There’s no denying consumers crave a deeper connection with the companies they do business with. And that’s why these days, having a fancy website and logo isn’t enough to define your brand.
Therefore, it’s very important to thoughtfully create a personal brand that truly shares who you are and what you stand for.
If a brand isn’t appealing to your audience or not genuine, it can repel customers. But the process of creating a brand can be intimidating for some.
So how do you avoid personal branding blunders when it comes to helping instead of harming your business?
Here are the biggest personal branding mistakes to avoid:
1. Thinking you don’t need a personal brand
Whether you intentionally create a brand or not, every communication and experience you have with customers and potential customers are shaping your brand.
That’s why it’s critical to create a positive brand communication. If you don’t take time to define your brand, your message can get wishy-washy. That lack of clarity will hurt your marketing efforts.
2. Using copycat branding
Often when people start out in business they feel like imitating their top competitors is a good idea. Don’t imitate; instead, innovate.
Accentuate what makes you unique. Differentiate yourself. Show why your differences make you a better choice.
Do this by creating signature systems, products and messaging that sets you apart.
3. Not being authentic
Some people take a dress-up approach to branding. They feel like they must be something they are not in order to attract customers.
Authenticity in marketing matters more than ever before. Being honest and transparent builds trust.
A brand should be genuine and always maintain consistent messaging that is in alignment with your personality and brand.
4. Lacking consistency
Your personal brand promise and message should be clear with every communication.
The more consistent your brand is, the stronger it will attract followers. So as you write blog posts, eBooks and social media posts etc., make sure the thoughts, opinions, and information shared are consistent with your personal brand.
Every communication should reflect your brand personality and values.
5. Not writing your own stuff
Content marketing helps you develop leadership in your industry. Your fans want to hear from you – not the same old thing that everyone else is writing.
Every time you write it’s a communication that builds a relationship with your followers. They experience your personality and voice. Make time to write your own tips, checklists, guides and freebies for your content marketing efforts.
Writing unique articles also boost your website SEO.
6. Not defining your niche
No business can be all things to all people. It’s really important to define your target market. Period.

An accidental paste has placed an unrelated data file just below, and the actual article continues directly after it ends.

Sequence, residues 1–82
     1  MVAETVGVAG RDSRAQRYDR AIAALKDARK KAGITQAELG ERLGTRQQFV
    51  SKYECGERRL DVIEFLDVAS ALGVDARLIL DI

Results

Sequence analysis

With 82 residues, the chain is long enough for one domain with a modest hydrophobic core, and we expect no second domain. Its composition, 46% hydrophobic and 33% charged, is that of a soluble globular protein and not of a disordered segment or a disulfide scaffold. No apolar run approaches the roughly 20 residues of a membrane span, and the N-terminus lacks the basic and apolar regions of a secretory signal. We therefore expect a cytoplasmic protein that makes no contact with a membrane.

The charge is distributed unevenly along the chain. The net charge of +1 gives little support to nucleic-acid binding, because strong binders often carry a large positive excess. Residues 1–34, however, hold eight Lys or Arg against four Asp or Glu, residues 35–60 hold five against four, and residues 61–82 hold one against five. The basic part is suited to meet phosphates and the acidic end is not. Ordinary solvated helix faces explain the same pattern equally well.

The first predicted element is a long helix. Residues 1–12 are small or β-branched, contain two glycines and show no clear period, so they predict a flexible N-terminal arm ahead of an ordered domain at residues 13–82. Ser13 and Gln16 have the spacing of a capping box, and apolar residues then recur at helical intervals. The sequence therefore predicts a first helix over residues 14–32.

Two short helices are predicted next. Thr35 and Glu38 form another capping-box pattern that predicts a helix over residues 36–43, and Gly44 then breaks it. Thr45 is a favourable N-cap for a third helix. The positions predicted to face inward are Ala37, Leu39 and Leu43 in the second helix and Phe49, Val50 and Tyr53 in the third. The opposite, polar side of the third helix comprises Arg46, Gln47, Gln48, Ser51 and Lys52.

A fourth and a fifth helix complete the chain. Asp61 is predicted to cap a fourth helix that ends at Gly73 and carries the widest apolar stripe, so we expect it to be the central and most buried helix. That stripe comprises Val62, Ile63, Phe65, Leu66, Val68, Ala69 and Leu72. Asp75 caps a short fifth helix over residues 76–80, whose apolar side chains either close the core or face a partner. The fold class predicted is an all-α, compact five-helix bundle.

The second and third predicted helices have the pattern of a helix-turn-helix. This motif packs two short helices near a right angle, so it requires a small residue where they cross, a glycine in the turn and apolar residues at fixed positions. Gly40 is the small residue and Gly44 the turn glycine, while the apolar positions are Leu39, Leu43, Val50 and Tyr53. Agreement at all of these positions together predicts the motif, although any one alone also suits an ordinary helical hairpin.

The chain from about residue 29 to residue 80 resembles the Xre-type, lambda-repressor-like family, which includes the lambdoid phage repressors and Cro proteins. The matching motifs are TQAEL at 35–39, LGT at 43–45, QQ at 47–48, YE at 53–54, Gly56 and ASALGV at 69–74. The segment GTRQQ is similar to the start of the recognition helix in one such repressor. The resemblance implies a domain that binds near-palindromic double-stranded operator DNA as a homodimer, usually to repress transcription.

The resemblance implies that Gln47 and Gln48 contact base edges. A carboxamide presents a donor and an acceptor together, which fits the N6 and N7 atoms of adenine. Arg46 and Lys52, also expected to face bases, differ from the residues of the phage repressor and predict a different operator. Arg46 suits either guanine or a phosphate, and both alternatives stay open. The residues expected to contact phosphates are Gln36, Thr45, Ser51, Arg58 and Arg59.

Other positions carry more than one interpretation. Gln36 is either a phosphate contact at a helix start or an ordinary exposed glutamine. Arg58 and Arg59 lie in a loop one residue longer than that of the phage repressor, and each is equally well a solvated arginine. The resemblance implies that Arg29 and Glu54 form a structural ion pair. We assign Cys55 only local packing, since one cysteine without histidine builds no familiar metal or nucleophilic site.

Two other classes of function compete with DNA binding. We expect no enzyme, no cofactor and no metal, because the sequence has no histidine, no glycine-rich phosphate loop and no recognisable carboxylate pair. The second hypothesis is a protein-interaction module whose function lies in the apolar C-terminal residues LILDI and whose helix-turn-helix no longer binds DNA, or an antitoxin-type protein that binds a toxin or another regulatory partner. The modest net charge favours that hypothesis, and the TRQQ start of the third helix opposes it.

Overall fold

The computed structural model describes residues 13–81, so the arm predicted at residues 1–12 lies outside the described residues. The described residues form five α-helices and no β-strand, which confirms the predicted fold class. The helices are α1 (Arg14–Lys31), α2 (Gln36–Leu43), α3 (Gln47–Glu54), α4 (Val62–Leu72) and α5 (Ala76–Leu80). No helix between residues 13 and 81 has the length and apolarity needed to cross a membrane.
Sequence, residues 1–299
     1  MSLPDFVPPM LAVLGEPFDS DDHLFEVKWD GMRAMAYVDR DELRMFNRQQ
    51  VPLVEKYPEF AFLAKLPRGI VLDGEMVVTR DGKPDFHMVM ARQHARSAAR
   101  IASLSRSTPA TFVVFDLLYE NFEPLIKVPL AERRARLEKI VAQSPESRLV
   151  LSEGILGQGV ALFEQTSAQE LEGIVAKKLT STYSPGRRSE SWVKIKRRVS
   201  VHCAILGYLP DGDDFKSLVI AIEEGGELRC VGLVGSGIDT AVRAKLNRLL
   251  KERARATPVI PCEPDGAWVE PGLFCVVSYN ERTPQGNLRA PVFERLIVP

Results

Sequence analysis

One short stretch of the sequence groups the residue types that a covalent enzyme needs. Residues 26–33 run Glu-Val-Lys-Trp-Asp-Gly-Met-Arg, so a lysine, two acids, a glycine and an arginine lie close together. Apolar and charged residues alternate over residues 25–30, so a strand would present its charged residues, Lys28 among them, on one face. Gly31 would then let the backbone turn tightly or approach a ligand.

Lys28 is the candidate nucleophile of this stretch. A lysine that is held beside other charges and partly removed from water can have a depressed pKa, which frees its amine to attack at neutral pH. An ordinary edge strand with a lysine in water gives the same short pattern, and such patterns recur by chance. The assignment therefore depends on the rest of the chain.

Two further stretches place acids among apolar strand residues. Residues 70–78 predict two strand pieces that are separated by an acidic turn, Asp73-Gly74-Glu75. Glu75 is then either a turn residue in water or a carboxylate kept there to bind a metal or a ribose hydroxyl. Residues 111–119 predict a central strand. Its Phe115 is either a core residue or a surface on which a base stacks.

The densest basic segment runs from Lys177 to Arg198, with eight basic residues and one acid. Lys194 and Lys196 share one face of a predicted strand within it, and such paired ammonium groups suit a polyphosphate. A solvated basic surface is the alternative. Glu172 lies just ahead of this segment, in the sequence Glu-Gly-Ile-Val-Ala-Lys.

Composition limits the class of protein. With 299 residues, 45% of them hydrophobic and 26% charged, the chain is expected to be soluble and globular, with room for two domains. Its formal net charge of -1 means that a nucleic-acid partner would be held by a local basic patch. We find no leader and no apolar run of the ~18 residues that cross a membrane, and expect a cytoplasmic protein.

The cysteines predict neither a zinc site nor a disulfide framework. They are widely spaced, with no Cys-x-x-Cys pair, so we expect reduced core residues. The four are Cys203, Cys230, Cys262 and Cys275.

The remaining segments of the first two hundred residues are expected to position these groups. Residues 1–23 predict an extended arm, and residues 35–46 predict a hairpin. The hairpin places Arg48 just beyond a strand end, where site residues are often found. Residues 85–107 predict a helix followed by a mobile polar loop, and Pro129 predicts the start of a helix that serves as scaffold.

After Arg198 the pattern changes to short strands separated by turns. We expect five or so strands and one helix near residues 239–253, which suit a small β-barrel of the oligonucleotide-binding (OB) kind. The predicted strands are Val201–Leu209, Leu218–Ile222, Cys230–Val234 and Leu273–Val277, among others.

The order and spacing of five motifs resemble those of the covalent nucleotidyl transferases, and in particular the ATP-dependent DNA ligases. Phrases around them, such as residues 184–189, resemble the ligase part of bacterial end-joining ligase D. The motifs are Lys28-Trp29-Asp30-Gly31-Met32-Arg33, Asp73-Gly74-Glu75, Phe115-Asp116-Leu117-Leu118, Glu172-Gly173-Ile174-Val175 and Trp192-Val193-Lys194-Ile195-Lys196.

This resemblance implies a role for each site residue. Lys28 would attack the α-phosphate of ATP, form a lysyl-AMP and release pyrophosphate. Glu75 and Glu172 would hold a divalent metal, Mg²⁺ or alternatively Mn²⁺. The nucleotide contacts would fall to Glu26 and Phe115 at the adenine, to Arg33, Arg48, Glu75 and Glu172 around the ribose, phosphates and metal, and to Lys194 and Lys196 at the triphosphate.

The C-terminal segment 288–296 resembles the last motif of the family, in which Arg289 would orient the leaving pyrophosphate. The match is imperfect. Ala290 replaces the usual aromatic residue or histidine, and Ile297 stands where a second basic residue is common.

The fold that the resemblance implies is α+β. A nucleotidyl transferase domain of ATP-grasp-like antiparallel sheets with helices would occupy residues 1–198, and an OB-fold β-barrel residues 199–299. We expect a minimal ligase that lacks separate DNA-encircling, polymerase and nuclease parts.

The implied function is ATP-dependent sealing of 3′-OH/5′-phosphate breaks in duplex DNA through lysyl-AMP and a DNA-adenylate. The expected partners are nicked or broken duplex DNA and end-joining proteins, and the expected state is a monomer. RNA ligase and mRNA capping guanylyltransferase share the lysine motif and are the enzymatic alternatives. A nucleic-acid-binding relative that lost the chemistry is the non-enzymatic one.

The more narrowly you can define your target market the better; otherwise, you risk confusing your customers and you’ll have a harder time attracting the right kind of clientele that you want to serve most.
7. Not loving your tribe
Your tribe is a group of people where an unconditional love and connection exists.
Raving fans will tell the world how amazing you are. That’s why it’s important to give special treatment to your tribe.
Find your tribe. Love them hard. Give them special offers. Allow them behind the scene’s peaks. Share advanced notice about things coming down the pipes.
8. Forgetting quality and professionalism
The Internet knows all so if you make a mistake, someone’s going to catch it. When you send a newsletter with typos or broken links it reflects poorly on your brand.
When your customer has a problem and calls customer service, they want their issue resolved.
Pay special attention to your appearance. Watch the language you share on social media. Your demeanor should be humble, not arrogant. Display ethical behavior when attending public events. Answer the phone professionally.
Take these lessons to heart and keep them at the core of your personal branding strategy. Even if you feel good about your branding efforts, it’s smart to step back and take a look at your existing strategy and double-down your efforts to protect your personal brand. What stories do you have where your personal brand made a difference for your business?
DISCLAIMER: This article expresses my own ideas and opinions. Any information I have shared are from sources that I believe to be reliable and accurate. I did not receive any financial compensation in writing this post, nor do I own any shares in any company I’ve mentioned. I encourage any reader to do their own diligent research first before making any investment decisions.
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